True, we can program systems to do a lot of things that humans do well, but there are some things that are exceedingly complex and hard to translate into a pattern that computers can recognize and learn from (which is ultimately the basis of all AI).
“What came out of early AI research, the first couple decades of AI research, was the fact that certain things that we had thought of as being real benchmarks for intelligence, like being able to play chess well, were actually quite accessible to computers. It was not easy to write and create a chess-playing program, but it was doable.”
Indeed, today, we have computers that are able to beat the best players in the world in a host of games—Chess and Go, for example.
But Conitzer clarifies that, as it turns out, playing games isn’t exactly a good measure of human-like intelligence. Or at least, there is a lot more to the human mind. “Meanwhile, we learned that other problems that were very simple for people were actually quite hard for computers, or to program computers to do. For example, recognizing your grandmother in a crowd. You could do that quite easily, but it’s actually very difficult to program a computer to recognize things that well.”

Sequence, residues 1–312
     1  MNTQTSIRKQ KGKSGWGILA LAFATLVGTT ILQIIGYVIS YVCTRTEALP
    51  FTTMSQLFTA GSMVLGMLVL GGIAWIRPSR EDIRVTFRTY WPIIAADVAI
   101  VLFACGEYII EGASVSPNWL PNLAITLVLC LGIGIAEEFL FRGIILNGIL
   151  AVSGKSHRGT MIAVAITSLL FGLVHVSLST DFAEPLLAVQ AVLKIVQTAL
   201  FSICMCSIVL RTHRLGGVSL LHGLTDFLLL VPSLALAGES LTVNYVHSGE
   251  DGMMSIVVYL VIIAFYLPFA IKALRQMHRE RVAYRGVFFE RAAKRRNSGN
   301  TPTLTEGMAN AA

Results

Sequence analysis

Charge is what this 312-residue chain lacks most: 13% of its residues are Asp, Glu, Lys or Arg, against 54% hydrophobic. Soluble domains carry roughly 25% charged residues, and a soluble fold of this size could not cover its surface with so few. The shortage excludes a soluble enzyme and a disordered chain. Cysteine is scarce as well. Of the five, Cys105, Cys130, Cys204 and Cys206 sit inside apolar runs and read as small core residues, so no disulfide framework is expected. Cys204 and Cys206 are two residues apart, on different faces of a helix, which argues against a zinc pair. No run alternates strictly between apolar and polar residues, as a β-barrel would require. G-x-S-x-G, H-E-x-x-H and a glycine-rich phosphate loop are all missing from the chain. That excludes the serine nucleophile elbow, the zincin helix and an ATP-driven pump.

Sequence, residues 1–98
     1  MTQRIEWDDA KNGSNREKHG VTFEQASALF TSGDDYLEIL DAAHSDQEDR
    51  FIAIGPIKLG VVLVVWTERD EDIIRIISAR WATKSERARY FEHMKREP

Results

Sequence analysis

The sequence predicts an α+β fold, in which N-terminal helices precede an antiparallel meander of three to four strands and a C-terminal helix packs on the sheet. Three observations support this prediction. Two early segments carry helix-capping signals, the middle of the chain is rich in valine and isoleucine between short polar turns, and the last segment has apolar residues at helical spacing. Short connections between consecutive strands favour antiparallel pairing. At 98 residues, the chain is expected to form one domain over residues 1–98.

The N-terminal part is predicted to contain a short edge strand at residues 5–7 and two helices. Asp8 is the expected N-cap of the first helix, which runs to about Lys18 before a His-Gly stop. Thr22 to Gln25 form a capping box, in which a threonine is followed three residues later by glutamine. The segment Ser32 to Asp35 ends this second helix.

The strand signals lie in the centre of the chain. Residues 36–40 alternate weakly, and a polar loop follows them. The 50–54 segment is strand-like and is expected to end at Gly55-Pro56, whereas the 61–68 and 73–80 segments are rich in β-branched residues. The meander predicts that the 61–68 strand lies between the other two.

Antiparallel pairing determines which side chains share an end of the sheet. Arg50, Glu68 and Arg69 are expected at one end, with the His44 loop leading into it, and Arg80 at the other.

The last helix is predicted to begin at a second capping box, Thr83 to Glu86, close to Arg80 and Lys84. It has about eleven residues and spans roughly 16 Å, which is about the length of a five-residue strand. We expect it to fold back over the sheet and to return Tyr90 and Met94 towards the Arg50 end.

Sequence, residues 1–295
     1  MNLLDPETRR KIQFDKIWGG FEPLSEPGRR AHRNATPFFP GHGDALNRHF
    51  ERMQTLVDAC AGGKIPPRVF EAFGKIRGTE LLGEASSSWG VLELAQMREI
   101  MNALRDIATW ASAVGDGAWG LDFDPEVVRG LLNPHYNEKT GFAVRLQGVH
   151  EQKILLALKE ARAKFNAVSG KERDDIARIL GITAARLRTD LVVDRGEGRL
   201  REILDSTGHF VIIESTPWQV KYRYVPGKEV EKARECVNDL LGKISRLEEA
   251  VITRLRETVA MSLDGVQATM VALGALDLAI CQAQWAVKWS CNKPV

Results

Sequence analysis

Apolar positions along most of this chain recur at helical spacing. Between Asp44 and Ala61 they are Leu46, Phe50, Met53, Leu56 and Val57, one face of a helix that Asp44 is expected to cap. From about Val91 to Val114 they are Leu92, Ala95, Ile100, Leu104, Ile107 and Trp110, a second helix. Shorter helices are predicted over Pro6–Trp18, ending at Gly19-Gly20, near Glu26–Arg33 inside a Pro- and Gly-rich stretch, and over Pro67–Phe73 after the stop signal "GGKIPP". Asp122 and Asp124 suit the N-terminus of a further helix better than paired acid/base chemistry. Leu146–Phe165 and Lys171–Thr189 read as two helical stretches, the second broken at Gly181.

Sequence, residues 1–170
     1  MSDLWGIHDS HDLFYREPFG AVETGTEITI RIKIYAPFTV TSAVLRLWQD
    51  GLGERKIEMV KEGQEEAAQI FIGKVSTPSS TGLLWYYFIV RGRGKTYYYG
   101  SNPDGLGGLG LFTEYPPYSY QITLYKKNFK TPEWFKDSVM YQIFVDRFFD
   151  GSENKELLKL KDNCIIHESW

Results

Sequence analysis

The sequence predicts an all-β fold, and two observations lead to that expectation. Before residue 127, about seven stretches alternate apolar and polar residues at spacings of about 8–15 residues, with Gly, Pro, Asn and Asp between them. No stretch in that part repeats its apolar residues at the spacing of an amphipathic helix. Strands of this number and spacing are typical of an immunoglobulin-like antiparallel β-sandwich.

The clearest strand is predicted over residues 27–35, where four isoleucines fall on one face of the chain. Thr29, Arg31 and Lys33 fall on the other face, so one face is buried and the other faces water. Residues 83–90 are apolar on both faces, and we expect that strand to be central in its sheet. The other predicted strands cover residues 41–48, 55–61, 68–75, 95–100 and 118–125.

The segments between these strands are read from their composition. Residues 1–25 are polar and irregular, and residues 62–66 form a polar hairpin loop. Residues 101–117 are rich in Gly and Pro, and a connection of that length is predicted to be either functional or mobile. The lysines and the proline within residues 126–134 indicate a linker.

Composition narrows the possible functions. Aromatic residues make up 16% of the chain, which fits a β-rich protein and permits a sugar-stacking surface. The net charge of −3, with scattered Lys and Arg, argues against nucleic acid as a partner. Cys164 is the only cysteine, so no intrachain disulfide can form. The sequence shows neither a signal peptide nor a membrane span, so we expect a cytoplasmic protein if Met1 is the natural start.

Since the early days of AI research, we have made computers that are able to recognize and identify specific images. However, to sum the main point, it is remarkably difficult to program a system that is able to do all of the things that humans can do, which is why it will be some time before we have a 'true AI.'
Yet, Conitzer asserts that now is the time to start considering what the rules we will use to govern such intelligences. “It may be quite a bit further out, but to computer scientists, that means maybe just on the order of decades, and it definitely makes sense to try to think about these things a little bit ahead.” And he notes that, even though we don’t have any human-like robots just yet, our intelligence systems are already making moral choices and could, potentially, save or end lives.
“Very often, many of these decisions that they make do impact people and we may need to make decisions that will typically be considered to be a morally loaded decision. And a standard example is a self-driving car that has to decide to either go straight and crash into the car ahead of it or veer off and maybe hurt some pedestrian. How do you make those trade-offs? And that I think is something we can really make some progress on. This doesn’t require superintelligent AI, simple programs can just make these kind of trade-offs in various ways.”
But of course, knowing what decision to make will first require knowing exactly how our morality operates (or at least having a fairly good idea). From there, we can begin to program it, and that's what Conitzer and his team are hoping to do.
So welcome to the dawn of moral robots.
This interview has been edited for brevity and clarity.